In these situations, it is important to ONLY use the prescribed antifungal treatment. Applying other barrier creams during additional diaper changes can prolong a fungal infection (yeast seams to grow more in petroleum jelly and zinc oxide). Once the fungal rash has resolved, the usual rash protection creams may be resumed.
Dr. Leah Alexander, MD, FAAP
If your child has impetigo (a bacterial infection), your pediatrician may prescribe antibiotics. In many cases, your doctor may recommend a brief course of mild topical steroid cream or ointment if the rash doesn’t appear linked to an infection.
How can you prevent diaper rash moving forward?
Following certain habits on a regular basis are likely to decrease the possibility that your baby will get diaper rash. You may want to consider making these practices a part of your normal diaper routine, according to WebMD.
- Wash your hands before and after changing your baby’s diaper to prevent a range of infections. The CDC has specific recommendations on this.
- Although today’s disposable diapers are highly absorbent, and wet diapers may not bother your baby, you’ll want to limit your baby’s skin’s exposure to urine and feces by changing diapers frequently.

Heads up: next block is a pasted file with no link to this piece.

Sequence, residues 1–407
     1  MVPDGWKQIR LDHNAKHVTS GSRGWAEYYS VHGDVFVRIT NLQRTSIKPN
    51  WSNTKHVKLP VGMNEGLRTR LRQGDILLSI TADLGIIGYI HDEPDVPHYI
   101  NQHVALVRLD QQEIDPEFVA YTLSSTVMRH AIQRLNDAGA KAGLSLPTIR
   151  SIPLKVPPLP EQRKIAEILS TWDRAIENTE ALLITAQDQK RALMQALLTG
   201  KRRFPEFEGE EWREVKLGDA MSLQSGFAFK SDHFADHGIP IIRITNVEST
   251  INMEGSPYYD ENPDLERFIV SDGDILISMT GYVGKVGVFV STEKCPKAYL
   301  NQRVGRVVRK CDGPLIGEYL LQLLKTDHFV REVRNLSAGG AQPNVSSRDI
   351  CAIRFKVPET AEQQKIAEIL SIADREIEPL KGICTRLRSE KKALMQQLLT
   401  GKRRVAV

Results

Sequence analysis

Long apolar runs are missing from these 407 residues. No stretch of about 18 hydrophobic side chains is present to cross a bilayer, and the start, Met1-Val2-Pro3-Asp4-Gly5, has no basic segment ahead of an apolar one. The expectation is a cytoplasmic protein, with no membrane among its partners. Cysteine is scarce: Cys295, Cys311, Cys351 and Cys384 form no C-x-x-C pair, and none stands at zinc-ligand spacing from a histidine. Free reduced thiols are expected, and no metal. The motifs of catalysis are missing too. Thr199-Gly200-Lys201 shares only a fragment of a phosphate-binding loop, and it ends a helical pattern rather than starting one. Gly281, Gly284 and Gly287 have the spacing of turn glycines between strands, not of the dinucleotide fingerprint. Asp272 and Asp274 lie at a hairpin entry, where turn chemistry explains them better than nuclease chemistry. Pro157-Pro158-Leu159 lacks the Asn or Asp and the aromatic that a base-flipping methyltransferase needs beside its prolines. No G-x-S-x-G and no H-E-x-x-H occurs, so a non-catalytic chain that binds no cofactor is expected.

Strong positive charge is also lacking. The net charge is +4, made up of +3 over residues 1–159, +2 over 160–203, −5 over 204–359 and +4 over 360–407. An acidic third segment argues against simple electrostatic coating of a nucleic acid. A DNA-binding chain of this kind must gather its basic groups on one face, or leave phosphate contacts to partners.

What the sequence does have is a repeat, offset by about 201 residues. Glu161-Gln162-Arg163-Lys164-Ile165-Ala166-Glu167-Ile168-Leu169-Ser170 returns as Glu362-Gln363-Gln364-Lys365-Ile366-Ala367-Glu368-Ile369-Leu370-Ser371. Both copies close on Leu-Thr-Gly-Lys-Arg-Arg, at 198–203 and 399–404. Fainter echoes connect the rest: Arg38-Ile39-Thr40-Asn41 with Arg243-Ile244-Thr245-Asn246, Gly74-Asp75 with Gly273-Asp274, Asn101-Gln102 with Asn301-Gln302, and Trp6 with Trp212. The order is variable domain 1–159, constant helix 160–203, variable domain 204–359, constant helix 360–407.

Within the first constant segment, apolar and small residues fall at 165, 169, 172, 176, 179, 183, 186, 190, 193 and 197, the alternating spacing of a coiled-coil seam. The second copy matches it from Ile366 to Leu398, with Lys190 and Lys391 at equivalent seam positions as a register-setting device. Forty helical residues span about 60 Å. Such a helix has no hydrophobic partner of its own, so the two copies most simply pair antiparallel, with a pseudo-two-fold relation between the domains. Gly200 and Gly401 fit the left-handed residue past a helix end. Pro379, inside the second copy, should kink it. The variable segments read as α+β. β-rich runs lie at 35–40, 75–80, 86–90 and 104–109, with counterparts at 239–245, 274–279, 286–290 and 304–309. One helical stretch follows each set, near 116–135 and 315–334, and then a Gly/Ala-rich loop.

- Make sure your baby’s skin is clean and dry before putting on a new diaper.
- Don’t let the diaper’s tape adhere to your baby’s skin, as it can cause further irritation.
A final word on diaper rashes.
Diaper rash is a nearly inevitable consequence of diaper use, so don’t beat yourself up if it happens to your baby.
The key is to identify diaper rash before it gets severe, then take steps at home to treat the rash to hopefully avoid a trip to the pediatrician. If you do have to go to the pediatrician, the rash should be an easy fix and is likely not cause for major alarm.
Have you avoided diaper rash with your baby? If so, what worked for you? If your baby got diaper rash, what solutions were the most effective? Please share your experience in the comments section so other moms can learn your tricks!